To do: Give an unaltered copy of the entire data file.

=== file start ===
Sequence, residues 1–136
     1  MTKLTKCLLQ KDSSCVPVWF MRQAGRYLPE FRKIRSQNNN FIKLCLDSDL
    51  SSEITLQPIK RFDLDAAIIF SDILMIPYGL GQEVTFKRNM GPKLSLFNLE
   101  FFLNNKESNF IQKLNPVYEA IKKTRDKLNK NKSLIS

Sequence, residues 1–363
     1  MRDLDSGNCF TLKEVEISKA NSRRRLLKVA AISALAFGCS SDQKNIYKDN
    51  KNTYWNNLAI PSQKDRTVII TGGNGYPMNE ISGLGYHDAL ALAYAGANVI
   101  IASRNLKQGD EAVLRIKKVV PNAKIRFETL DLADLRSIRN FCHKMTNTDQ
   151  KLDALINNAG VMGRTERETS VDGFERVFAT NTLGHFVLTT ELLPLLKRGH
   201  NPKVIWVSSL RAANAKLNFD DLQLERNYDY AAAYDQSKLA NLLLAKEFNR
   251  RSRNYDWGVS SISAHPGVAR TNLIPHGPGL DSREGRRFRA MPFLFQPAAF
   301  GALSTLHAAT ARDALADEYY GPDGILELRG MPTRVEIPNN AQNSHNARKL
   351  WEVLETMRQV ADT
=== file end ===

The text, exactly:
Sequence, residues 1–136
     1  MTKLTKCLLQ KDSSCVPVWF MRQAGRYLPE FRKIRSQNNN FIKLCLDSDL
    51  SSEITLQPIK RFDLDAAIIF SDILMIPYGL GQEVTFKRNM GPKLSLFNLE
   101  FFLNNKESNF IQKLNPVYEA IKKTRDKLNK NKSLIS

Sequence, residues 1–363
     1  MRDLDSGNCF TLKEVEISKA NSRRRLLKVA AISALAFGCS SDQKNIYKDN
    51  KNTYWNNLAI PSQKDRTVII TGGNGYPMNE ISGLGYHDAL ALAYAGANVI
   101  IASRNLKQGD EAVLRIKKVV PNAKIRFETL DLADLRSIRN FCHKMTNTDQ
   151  KLDALINNAG VMGRTERETS VDGFERVFAT NTLGHFVLTT ELLPLLKRGH
   201  NPKVIWVSSL RAANAKLNFD DLQLERNYDY AAAYDQSKLA NLLLAKEFNR
   251  RSRNYDWGVS SISAHPGVAR TNLIPHGPGL DSREGRRFRA MPFLFQPAAF
   301  GALSTLHAAT ARDALADEYY GPDGILELRG MPTRVEIPNN AQNSHNARKL
   351  WEVLETMRQV ADT